The Student Newspaper of DePaul University

The DePaulia

The Student Newspaper of DePaul University

The DePaulia

The Student Newspaper of DePaul University

The DePaulia

Boston attack’s youngest victim was an advocate of peace


With the bombings in Boston, it’s hard not to mention the word terror. It is also hard not to walk down State Street and wonder, with every step, will this be the last one? Will I explode on the bus ride home? Will that subway be detonated?

Unfortunately, the residents of Boston and surrounding suburbs have experienced what it’s like to be under attack. Boston and its suburbs were on lockdown April 19 as police officials and SWAT teams searched for ‘suspect No.2.’

While these bombings do not represent the magnitude of Madrid bombings in 2004 or the constant collisions between Israel and Palestine, the safety bubble of most Americans has dematerialized. Three are dead, five have missing limbs and 150 are seriously injured.

“Someone told me after the attacks that we’re fortunate enough to live in a country where this doesn’t happen every day,” said Megan Daley, a senior at DePaul. “But to me, that doesn’t make it any better. All acts of violence should be looked at in the same way, whether it’s here or abroad.”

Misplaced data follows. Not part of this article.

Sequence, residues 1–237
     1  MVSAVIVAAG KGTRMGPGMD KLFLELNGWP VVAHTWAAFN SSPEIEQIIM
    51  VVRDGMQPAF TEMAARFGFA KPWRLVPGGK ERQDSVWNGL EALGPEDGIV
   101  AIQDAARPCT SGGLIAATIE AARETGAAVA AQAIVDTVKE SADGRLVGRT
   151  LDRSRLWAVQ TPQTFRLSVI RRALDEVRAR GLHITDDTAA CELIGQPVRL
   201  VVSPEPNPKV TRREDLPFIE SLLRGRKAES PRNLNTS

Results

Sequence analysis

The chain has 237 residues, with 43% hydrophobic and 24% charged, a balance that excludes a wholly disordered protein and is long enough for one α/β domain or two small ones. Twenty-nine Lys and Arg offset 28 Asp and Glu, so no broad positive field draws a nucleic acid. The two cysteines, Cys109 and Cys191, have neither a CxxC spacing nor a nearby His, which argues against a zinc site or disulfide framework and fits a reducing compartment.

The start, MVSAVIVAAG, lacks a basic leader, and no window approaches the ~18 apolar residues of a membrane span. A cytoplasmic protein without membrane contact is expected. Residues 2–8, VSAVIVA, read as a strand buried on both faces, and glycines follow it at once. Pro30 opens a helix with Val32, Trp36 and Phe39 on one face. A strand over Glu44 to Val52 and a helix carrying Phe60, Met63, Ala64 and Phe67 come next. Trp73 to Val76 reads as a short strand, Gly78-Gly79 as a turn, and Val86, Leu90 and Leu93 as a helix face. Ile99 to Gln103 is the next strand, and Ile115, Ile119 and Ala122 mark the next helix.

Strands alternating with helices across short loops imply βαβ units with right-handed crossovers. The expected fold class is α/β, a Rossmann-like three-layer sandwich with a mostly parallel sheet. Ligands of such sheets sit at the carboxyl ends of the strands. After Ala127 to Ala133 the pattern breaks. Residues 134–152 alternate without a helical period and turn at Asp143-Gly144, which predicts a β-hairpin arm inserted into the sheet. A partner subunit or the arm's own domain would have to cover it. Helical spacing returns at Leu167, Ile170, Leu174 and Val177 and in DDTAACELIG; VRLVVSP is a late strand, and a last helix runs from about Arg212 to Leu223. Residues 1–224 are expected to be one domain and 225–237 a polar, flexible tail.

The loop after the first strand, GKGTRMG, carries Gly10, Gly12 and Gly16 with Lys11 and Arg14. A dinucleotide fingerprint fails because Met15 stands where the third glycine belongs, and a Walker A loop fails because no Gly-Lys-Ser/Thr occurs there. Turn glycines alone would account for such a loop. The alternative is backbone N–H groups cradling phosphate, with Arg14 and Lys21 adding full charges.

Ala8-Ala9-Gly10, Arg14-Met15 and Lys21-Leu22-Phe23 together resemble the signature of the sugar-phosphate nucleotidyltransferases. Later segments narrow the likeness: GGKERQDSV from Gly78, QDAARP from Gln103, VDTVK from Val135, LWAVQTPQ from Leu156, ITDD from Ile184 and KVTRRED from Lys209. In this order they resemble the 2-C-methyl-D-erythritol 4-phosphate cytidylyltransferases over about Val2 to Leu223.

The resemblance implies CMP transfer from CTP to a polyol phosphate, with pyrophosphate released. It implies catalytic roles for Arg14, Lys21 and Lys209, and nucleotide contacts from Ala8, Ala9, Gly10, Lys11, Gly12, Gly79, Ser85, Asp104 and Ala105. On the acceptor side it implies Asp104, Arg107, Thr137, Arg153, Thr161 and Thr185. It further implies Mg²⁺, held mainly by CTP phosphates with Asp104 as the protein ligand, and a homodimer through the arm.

One of the most haunting images is of Martin Richard, an 8-year-old boy from Boston, holding a sign that says, “No more hurting people. Peace.”

The picture was posted on Facebook by Lucia Brawley, a friend of his former third grade teacher days before his death.

Not only does the image memorialize the fragility of life and its hopeful progression, but it’s also an image of hope we can use to escape.

There’s a small fracture in our Star-spangled spirit,and we recognize those who contributed to the blast.

We become heroes through repetitive pictures and slogans about the lives and limbs donated to estranged mayhem.

For a brief moment we can see the limits of life and the effects of its meaning.

Richard can no longer raise a rumpus in the school yard, and his mother won’t return to greet him.

With the loss of his life, it’s the ideology of peace that keeps broken hearts pumping.

And while we are urged to move on and reconstruct a sensitive and patriotic spirit, we don’t have much of a choice but to heal and forget.

More to Discover